In the early days of enterprise IT, people often remarked that “whatever the question, IBM is the answer”. Fast forward several decades and now, whatever the question, the answer is usually the Cloud.
The next questions are: what counts as “the Cloud” and how should businesses get there?
One school of thought is that the only serious candidates are hyper-scale public clouds from a handful of providers, and the only rational option is for customers to go “all in”. In other words, make a deep commitment to a single provider’s platform and leverage it to the hilt.
We, however, think that the Cloud is a big and diverse place and that there is ample room for multiple approaches. The top tier public clouds do offer unique capabilities, but there is much to be said for the private clouds that many large organizations have invested in, as well as for the emerging vertical “industry clouds”.
Customers come in all shapes and sizes, with different business and IT needs. Going “all in” with a single, big public cloud may be right for many, but it is only fair to ask: is this “one size fits all” model right for everyone?
Public cloud “lock-in” is emerging as a big issue
Before it morphed into an IT revolution, IaaS cloud computing could be seen mostly as a new sourcing model for basic IT infrastructure, sold on demand over the Internet. Despite differences in services, support and tools, the players were delivering a “vanilla” product, and so concerns like proprietary lock-in and reversibility were not yet issues.
Today, public clouds are far from “vanilla”, with competition less about price and more about innovation. Providers like Amazon, Microsoft Azure, and Google have created massive services portfolios that aim to make cloud computing easier and more useful for customers. As providers, they have the additional advantage of raising the exit barriers. For example, AWS is a real innovation leader (and global Atos partner). Services such as its Amazon Kenesis Streams or AWS Lambda are both enticing and at the same time extremely ‘sticky’, with applications built on them essentially stuck. As a customer does more and more in a single public cloud, the skill sets of operations teams can become increasingly locked-in to the provider’s toolkit.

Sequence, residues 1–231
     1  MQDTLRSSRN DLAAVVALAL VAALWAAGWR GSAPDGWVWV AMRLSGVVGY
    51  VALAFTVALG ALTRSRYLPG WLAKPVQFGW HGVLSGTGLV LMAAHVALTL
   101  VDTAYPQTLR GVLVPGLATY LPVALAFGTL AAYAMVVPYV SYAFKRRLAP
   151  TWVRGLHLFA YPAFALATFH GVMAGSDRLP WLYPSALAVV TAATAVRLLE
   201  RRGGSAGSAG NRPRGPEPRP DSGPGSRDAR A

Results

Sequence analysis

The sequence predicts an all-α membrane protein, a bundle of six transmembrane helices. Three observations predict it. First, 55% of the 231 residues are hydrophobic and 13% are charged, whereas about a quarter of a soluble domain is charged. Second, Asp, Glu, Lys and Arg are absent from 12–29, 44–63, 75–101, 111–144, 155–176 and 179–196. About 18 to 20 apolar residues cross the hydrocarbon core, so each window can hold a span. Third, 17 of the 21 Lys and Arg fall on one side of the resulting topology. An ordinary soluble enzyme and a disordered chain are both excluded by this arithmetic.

The result is that a deep “all in” commitment to a single provider’s platform makes migration of the business applications at best extremely difficult. Stated bluntly, the “all in” model translates into a level of lock-in and single supplier dependency not seen since the glory days of the IBM mainframe.
Doing what’s right for the customer
That said, the “all in” model may well be the best choice for many organizations.
One example is Evernote, which in 2016 left its own datacenter space to go “all in” with the Google Cloud Platform. Although still a small company, Evernote provides a popular note-taking and productivity tool to over 200 million users, and has been valued at over 1 billion dollars. The company wants to take its application to the next level, leveraging Google’s advanced technologies in Artificial Intelligence, including Natural Language Processing. For Evernote, going “all in” with Google made sense.
For large global companies, however, it’s another story. CIOs must manage, and transform, business critical information systems. Many have invested, and will continue to invest, in private clouds, because they deliver on the number one promise of the Cloud: business agility. IT governance is also a factor, as are concerns about security and compliance, including clear legal control of sensitive data.
Increasingly, these CIOs also want to leverage the capabilities of public clouds – such as virtually unlimited scalability and easy access to innovative services – but with the flexibility to choose what they want, from whoever they want. Industry clouds also offer new opportunities for CIOs.
In short, the Cloud is becoming even bigger and more diverse, with many services on offer. Only customers can choose what is right for them.
We need an alternative model
While the “all in” model does make sense for some, it is clearly not right for everyone. To meet the different needs of large organizations, we need an approach that puts the customer – and not a specific cloud platform – at the center of things, a model increasingly known as “multi-cloud”. It’s something enterprise organizations are already thinking about – a recent report by 451 Research and commissioned by VMware and Atos found that 70% of enterprises in the US and Europe plan to use some form of multi or hybrid cloud environment in the next two years.
My colleague Nick Law and VMware’s Ken Audette will be presenting as part of a 451 Research webinar on plotting a new course for digital transformation taking a look at the latest cloud trends over the next three years. To find out more here.
In the next post in this series, we’ll be looking at how global companies step up to the digital transformation challenges of the world economy, international markets and, most importantly, of themselves.